You’ve probably heard that big animals like cows and horses sleep standing up – but when it comes to deep sleep, it’s just not true!
While cows can doze off and sleep lightly on their feet, when it comes to REM sleep, they lie down just like the rest of us. This is true not just of cows, but of most other large herbivores as well – horses, bison, rhino, and more.
While they may not be in a deep sleep while standing, anyone who’s ever attempted to get a little shut eye in a meeting or on a train or any other location that requires sitting or standing, you might be wondering just how they do it.
Amy Johnson, of the University of Pennsylvania School of Veterinary Medicine explains: “The legs of horses [and other animals] have what’s known as the ‘stay apparatus.’ Their limbs contain tendons and ligaments that allow the animal to remain standing with minimal muscular effort, and thus allow them to stand—and even doze—for long periods.”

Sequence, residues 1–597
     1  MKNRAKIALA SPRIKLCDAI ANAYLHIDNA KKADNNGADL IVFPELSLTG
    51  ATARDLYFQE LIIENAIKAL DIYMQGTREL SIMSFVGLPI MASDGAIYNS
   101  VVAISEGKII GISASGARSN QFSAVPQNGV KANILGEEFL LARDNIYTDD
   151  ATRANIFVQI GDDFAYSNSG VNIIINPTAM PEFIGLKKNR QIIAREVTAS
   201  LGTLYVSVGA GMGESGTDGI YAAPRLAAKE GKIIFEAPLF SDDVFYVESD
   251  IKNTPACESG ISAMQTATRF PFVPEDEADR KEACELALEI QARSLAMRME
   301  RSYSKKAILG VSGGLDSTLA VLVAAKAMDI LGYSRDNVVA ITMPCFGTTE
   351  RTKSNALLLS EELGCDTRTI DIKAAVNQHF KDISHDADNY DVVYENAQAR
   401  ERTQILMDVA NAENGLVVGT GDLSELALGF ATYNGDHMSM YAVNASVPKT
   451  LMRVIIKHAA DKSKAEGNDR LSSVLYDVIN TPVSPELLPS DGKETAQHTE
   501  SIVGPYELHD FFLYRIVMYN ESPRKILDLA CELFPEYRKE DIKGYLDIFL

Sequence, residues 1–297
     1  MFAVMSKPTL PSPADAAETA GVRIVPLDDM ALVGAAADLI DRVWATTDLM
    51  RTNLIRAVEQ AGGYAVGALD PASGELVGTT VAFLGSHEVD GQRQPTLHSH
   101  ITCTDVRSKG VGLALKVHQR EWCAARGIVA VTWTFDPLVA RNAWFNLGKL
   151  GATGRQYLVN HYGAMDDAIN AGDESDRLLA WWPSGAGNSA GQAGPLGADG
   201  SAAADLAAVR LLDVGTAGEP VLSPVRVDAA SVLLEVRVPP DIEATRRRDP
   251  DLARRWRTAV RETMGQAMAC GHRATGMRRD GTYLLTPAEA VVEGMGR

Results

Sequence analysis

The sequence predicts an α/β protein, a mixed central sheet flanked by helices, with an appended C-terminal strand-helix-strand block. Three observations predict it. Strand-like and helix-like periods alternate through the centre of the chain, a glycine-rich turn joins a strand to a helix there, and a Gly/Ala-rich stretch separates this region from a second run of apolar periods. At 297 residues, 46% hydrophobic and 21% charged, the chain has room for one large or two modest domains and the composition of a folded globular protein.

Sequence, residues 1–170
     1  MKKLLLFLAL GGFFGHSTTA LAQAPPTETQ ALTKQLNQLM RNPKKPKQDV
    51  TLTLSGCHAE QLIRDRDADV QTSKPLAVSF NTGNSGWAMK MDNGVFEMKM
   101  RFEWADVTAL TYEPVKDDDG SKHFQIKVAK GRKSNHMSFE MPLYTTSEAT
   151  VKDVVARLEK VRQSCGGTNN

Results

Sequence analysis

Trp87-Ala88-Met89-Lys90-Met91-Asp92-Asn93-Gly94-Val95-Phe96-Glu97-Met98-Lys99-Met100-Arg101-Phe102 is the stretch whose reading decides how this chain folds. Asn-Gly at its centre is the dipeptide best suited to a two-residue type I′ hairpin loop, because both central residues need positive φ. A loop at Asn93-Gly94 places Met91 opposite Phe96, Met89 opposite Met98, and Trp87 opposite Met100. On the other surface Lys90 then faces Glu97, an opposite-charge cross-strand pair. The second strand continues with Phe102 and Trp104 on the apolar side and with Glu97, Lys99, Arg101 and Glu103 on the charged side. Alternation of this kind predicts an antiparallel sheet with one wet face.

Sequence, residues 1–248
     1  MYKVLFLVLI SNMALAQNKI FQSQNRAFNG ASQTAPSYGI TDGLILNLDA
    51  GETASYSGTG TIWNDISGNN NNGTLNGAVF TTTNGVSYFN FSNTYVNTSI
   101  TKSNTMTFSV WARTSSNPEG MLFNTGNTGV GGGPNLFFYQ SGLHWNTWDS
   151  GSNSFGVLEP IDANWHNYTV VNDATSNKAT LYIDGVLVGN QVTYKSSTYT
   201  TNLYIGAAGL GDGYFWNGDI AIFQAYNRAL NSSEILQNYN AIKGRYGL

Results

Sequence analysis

It is theorized that this ability is evolutionary – designed to help potential prey keep an eye out for danger. Another evolutionary advantage? They only need about 4 hours of sleep a day, significantly less than humans.
Want to know more about cows? Send us your questions and we’ll answer them in future blog posts.